The increasing availability of transport gives us an unprecedented degree of flexibility regarding the locations where we live and work. This is evidenced by the more than 24 million people who commute to work in England and Wales, which represents around 90% of the workforce. While our society recognises the importance of well-being in the workplace, there is a complex relationship between commuting and mental health which remains to be fully understood.
The aim of this project is to conduct a comprehensive study on the interplay between commuting, mental health and income in the UK. A special emphasis will be placed on understanding the geographical underpinnings of this relationship. The objectives are:
(1) Examine the geography of commuting behaviours and mental health in the UK, as well as their relationship.
(2) Assess the extent to which the relationship between commuting and mental health is conditioned by the income level of commuters.
(3) Building upon (1) and (2), study the interplay between commuting, mental health and income in the UK, and the role of geography in shaping this interplay.
The study design involves analysing large-scale datasets and using methods for statistical and spatial modelling such as generalised linear regression, structural equation modelling and multiscale geographically weighted regression.
The project will be based in the Geographic Data Science Lab (GDSL), a highly interdisciplinary research group within the Department of Geography and Planning. The successful candidate will be given opportunities to undertake training, attend conferences, and interact with researchers in other universities.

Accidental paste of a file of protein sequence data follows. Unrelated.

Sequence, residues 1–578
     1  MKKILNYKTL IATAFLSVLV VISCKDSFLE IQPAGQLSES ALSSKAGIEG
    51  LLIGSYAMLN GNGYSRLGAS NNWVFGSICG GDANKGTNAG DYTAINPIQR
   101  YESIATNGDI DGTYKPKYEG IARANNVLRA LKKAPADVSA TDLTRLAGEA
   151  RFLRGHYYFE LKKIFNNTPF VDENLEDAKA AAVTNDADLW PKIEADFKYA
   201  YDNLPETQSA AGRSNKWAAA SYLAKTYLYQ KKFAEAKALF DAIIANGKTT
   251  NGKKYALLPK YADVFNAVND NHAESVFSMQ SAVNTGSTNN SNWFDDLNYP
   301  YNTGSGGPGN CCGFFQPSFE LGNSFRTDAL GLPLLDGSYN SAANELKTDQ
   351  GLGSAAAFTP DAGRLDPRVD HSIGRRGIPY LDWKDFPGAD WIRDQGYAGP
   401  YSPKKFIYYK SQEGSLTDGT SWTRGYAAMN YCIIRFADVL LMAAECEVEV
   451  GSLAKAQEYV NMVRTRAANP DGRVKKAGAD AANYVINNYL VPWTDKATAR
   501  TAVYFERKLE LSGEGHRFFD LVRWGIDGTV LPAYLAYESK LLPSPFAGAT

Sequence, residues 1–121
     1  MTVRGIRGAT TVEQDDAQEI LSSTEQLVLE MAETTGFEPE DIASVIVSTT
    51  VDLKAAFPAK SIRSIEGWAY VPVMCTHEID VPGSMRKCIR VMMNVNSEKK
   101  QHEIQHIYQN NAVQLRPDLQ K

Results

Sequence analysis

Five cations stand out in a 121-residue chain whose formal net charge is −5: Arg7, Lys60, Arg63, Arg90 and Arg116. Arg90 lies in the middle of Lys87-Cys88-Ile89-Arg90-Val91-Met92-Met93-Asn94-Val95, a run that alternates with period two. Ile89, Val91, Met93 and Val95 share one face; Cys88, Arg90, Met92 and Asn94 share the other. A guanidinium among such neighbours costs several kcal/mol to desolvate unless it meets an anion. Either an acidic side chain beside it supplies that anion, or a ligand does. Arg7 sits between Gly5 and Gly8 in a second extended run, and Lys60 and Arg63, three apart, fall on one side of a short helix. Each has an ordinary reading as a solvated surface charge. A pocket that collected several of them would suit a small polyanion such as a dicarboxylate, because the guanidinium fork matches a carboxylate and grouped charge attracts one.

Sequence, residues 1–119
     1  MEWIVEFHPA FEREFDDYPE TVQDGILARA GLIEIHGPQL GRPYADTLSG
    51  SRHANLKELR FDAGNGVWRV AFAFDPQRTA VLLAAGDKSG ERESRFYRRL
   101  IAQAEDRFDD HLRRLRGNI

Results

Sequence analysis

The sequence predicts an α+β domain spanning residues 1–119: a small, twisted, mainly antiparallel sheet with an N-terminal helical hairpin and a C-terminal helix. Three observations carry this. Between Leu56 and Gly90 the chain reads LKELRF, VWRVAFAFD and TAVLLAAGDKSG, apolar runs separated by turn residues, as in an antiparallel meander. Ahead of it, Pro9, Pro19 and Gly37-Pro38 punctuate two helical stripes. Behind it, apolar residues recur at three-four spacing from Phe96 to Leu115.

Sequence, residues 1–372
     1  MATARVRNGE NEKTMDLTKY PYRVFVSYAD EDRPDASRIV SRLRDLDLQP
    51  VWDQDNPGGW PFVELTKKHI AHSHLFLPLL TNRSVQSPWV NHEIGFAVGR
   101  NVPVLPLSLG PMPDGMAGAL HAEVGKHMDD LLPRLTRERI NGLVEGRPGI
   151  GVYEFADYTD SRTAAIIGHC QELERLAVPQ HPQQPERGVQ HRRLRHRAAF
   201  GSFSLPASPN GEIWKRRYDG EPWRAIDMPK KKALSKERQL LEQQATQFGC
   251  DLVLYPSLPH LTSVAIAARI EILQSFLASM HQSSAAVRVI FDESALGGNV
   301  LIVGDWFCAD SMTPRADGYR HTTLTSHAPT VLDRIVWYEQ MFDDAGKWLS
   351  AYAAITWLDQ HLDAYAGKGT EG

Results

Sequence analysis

Whilst this PhD will take place in the Department of Geography and Planning, the project sits more in the field of data science and statistical modelling. As such, it is essential to have experience with data science and/or statistics. The ideal candidate would have a background in a subject with a highly quantitative component such as mathematics, statistics, physics, computer science, economics or quantitative geography.
Application deadline: 13th February 2023
Start Date: 1st October 2023
This PhD project is funded by The Faculty of Science & Engineering at The University of Liverpool and will start on 1st October 2023.
Successful candidates who meet the University of Liverpool eligibility criteria will be awarded a Faculty of Science & Engineering studentship for 3.5 years, covering UK tuition fees and an annual tax-free stipend (e.g. £17,688 p.a. for 2022-23).
Faculty of Science & Engineering students benefit from bespoke graduate training and £5,000 for training, travel and conferences.
The Faculty of Science & Engineering is committed to equality, diversity, widening participation and inclusion. Academic qualifications are considered alongside non-academic experience. Our recruitment process considers potential with the same weighting as past experience. Students must complete a personal statement profoma and ensure this is included in their online application.
How to Apply:
All applicants must complete the personal statement proforma. This is instead of a normal personal/supporting statement/cover letter. The proforma is designed to standardise this part of the application to minimise the difference between those who are given support and those who are not. The proforma can be found here: https://tinyurl.com/ym2ycne4. More information on the application process can be found here: https://tinyurl.com/mwn5952t. When applying online, students should ensure they include the department name in the ‘Programme Applied For’ section of the online form, as well as the Faculty of Science & Engineering as the ‘studentship type’ in the finance section.